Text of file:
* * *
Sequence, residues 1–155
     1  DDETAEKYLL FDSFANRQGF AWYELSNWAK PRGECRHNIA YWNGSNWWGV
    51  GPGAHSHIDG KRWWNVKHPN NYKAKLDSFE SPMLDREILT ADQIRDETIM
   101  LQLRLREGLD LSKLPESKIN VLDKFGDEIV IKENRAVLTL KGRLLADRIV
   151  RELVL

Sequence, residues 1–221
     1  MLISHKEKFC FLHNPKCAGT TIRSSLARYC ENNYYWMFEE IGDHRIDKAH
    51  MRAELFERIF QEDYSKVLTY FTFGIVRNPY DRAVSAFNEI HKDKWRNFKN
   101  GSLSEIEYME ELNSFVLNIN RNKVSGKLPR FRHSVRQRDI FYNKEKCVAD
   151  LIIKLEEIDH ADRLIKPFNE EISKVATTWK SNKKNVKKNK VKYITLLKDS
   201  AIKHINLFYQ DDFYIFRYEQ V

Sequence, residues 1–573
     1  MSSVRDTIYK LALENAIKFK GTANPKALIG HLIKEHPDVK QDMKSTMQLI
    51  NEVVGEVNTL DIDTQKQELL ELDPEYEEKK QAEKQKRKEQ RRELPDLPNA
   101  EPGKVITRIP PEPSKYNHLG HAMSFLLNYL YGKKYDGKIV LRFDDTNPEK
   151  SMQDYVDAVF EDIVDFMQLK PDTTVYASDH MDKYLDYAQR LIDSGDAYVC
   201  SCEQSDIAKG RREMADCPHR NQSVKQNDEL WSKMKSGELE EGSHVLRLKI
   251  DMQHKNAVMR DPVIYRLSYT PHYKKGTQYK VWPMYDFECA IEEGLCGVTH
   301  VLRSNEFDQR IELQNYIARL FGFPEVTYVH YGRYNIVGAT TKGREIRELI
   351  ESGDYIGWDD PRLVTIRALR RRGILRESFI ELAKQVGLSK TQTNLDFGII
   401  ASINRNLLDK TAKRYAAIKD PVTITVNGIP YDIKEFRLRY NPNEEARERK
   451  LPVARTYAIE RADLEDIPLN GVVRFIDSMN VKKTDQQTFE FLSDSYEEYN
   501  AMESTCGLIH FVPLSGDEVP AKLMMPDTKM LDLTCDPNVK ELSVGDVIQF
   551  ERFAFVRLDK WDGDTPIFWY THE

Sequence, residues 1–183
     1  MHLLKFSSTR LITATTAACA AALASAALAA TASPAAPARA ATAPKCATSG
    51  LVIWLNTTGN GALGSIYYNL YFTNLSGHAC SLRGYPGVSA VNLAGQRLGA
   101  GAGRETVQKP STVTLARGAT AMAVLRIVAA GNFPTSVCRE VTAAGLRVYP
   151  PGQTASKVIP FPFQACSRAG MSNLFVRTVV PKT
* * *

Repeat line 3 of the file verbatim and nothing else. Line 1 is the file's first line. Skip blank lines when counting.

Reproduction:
    51  GPGAHSHIDG KRWWNVKHPN NYKAKLDSFE SPMLDREILT ADQIRDETIM